Solution to ensure strict array size is:

void f(int (&t)[3])

Now only three elements arrays are allowed.
BTW - above construct is frequently used for C-array handling in templates.

poniedziałek, 7 grudnia 2015

C++11 and initialization

Uniform initialization in C++11 can be tricky.

Invocations mean something completely different and also give different results:

std::vector<int> v(1); // "normal" constructor invocation with (int) param - creates vector<int> with 1 element initialized to default value (i.e. 0)
std::vector<int> v{1}; // invocation of constructor with initializer_list<> param - content of initializer_list is copied into vector (i.e. one value of 1)

Following invocations also mean something completely different and give different results:

std::vector<int> v(1, 1); // "normal" constructor invocation with (int,int) params - creates vector<int> with 1 element initialized to specified value value (i.e. 1)
std::vector<int> v{1, 1}; // invocation of constructor with initializer_list<> param - content of initializer_list is copied into vector (i.e. two values of 1)

But following mean something completely different but give same results:

std::vector<int> v(2, 2); // "normal" constructor invocation with (int,int) params - creates vector<int> with 2 elements initialized to specified value value (i.e. 2)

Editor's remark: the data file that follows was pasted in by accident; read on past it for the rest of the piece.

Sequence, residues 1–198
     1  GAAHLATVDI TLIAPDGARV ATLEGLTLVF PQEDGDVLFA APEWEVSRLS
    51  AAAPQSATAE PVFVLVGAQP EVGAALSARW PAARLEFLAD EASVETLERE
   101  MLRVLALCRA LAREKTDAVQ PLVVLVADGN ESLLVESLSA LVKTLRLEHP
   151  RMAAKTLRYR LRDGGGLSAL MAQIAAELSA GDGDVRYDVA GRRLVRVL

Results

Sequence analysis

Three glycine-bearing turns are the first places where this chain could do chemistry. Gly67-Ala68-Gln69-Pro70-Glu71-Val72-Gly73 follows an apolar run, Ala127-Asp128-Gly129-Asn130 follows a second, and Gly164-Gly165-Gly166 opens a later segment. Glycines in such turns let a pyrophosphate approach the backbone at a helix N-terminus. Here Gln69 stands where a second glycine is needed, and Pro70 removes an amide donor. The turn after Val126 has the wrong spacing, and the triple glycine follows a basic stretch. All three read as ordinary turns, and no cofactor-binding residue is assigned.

std::vector<int> v{2, 2}; // invocation of constructor with initializer_list<> param - content of initializer_list is copied into vector (i.e. two values of 2)

Note that following will not compile:

std::vector<int> v(1, 1, 1); // no such "normal" constructor

whereas following is completely fine C++11 statement:

std::vector<int> v{1, 1, 1}; // invocation of constructor with initializer_list<> param - content of initializer_list is copied into vector (i.e. three values of 1)

Also note what is perhaps even more surprising that when container value type cannot be initialized from values in the list (no such conversion), then following construction will invoke "normal" constructor:

std::vector<std::string> v{1}; // same as - std::vector<std::string> v(1);

To avoid such behavior assign can be used in initialization (this is still construction, not assignment):

std::vector<std::string> v = {1}; // this will fail to compile
std::vector<int> v = {1}; // this will invoke initializer_list<> constructor as for std::vector<int> v{1};

There is even more about uniform initialization, especially using "auto" keyword - please check e.g. "Effective Modern C++" by Scott Meyers.
Also please check stackoverflow.

poniedziałek, 9 listopada 2015

Thread-safe Catch

Catch test framework is nice, but not thread-safe - see

There is thread-safe fork of Catch
At the time of writing this original Catch is 1.2.1 whilst thread-safe fork 1.1

piątek, 6 listopada 2015

With or without you (exceptions)

To exception, or not to exception, that is the question.
What about cyclomatic complexity argument? E.g.

piątek, 28 sierpnia 2015

upgradeable RW-locks - no, no

Never to be forgotten - upgradeable RW-locks always lead to deadlock.
I.e. when reader upgrades to writer without first leaving read lock, then other tread doing same lead to deadlock - no one moves back - deadlock.
- do not think on upgradeable RW-locks,
- if do so, then try-upgrade() function might be good approach, or
- deadlock detection, or
- 3rd user type - beside reader and writer - upgreadeableReader (like EnterUpgradeableReadLock from .NET). There can be only one upgreadeableReader (mutually exclusive). Normal readers cannot upgrade, therefore it is certain that only one user-reader will try to upgrade.